The general secretary of CPRM, arguably the second largest party in the Hills, RB Rai shrewdly captured the mood and sensed the jeopardy of the situation when he said that the interim setup can be acceptable only if it ushers in the fulfillment of the Gorkhaland demand. He is saying in effect that the stipulated duration of setup alone is not sufficient. If it is really a provisional arrangement, then there has to be a guarantee of Gorkhaland at the end of the setup duration. The reasons behind the GJMM’s lack of guts to question “Until What” are just as incomprehensible as WB politics have ever been.
There is, therefore a symbolic and figurative meaning of this controversial setup. Symbolically, ‘Interim Setup’ means a provisional arrangement until the GJMM can muster the courage again to take on the formidable Kolkata leadership and say straight to their face “We want nothing less than Gorkhaland”. The interim setup is an open declaration of the unfortunate victory of the calculating Buddhadeb and his company over the hapless Bimal and his company.
The moment Setup became a point of bilateral negotiation, Bimal Gurung’s party conceded the essence or the soul of the movement it was privileged to spearhead up until now. It shows the unpreparedness of the Bimal Gurungs. Behold, how bare is the cupboard. It is sheer recklessness because the cause of Gorkhaland is too high to concede, even temporarily, merely because of the political naivety and moral bankruptcy of the leadership. If the GNLF forfeited the right to demand it, the GJMM surrendered the zeal to demand it.
It is recklessness because nobody has given any leadership the right to ride on public sentiments for fame, but then only to finally deflate public aspirations. The people of Darjeeling who dreamt of Gorkhaland will have to live in shock in the remnants of crushed hopes until another neta emerges to roar from the Gitangey Dara. Will the people still have any zeal and hope left until then?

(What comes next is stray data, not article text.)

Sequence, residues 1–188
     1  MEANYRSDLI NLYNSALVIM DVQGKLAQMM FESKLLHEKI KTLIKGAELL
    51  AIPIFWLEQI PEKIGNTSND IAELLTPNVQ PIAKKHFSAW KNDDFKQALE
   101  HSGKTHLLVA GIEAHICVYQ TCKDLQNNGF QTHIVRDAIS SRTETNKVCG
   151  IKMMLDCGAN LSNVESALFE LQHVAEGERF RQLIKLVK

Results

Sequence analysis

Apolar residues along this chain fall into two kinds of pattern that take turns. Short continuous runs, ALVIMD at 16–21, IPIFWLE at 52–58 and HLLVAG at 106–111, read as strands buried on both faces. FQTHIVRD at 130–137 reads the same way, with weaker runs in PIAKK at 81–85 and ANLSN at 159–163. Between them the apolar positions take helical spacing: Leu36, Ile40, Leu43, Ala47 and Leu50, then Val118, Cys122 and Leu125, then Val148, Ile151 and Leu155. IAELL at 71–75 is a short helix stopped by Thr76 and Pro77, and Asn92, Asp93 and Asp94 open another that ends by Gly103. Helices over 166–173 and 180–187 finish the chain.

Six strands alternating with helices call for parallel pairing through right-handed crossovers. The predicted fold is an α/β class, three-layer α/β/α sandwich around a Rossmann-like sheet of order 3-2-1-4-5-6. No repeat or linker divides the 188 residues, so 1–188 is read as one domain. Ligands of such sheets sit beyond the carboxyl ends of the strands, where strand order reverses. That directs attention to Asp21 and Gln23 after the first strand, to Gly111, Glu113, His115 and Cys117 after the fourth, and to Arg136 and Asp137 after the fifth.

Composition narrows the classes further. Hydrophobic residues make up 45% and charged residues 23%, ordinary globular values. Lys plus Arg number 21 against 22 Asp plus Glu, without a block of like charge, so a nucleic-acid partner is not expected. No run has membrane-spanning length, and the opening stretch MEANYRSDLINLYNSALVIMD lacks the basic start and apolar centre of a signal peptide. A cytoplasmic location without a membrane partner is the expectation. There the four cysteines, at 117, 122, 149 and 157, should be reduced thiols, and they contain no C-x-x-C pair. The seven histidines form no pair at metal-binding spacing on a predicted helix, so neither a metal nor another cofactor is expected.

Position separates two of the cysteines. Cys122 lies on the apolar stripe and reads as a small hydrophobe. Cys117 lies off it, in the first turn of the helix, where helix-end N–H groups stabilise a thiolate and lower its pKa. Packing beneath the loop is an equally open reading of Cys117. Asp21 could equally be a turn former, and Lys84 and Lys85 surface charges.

It is gross moral irresponsibility because Bimal Gurung in a public rally at the St. Joseph school ground on 30th May 2010 had categorically said that the Interim Setup was a closed chapter. It was an opportunity to rectify his blunder of ever starting the interim setup chapter. But his seemingly resounding declaration was just as short-lived as the Darjeeling fog.
The duration and intention of the interim setup is irrelevant to what constitutes the Gorkhaland Movement. The movement embodies the political aspirations of the entire Gorkha community of India that has been existing all along. It is a movement for justice for a community whose glorious history has been tempered with and whose identity has been mistaken due to a lack of political awareness in the nation.